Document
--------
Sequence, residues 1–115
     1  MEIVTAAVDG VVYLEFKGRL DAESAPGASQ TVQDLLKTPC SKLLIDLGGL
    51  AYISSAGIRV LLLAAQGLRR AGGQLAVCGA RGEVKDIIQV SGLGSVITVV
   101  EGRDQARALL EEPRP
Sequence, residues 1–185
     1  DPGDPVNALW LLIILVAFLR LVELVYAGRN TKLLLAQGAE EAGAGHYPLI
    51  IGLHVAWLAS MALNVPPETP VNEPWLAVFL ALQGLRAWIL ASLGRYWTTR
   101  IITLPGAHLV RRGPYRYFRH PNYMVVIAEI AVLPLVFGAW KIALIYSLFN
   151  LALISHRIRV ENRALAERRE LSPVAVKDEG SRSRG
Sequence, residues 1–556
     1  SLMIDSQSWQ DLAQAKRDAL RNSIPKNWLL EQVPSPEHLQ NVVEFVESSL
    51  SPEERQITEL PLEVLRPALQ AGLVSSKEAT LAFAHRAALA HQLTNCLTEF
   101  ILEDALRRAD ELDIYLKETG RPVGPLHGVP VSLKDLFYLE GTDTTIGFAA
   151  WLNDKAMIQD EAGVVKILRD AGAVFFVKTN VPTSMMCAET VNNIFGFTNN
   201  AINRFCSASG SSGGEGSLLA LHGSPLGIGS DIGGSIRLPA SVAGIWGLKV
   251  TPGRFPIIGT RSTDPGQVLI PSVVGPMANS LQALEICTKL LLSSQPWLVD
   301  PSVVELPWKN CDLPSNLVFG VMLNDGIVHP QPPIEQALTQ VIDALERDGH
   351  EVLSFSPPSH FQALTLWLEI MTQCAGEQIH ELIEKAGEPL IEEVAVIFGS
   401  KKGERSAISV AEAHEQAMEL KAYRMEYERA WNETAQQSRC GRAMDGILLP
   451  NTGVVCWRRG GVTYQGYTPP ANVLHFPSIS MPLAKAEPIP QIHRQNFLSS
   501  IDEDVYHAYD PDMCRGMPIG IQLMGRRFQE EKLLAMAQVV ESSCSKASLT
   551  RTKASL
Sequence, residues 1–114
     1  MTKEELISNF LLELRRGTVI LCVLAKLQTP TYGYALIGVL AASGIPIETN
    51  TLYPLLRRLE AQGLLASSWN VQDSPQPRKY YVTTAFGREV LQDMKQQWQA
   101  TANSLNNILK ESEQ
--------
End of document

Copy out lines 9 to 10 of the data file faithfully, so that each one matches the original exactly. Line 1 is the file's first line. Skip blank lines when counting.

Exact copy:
   151  LALISHRIRV ENRALAERRE LSPVAVKDEG SRSRG
Sequence, residues 1–556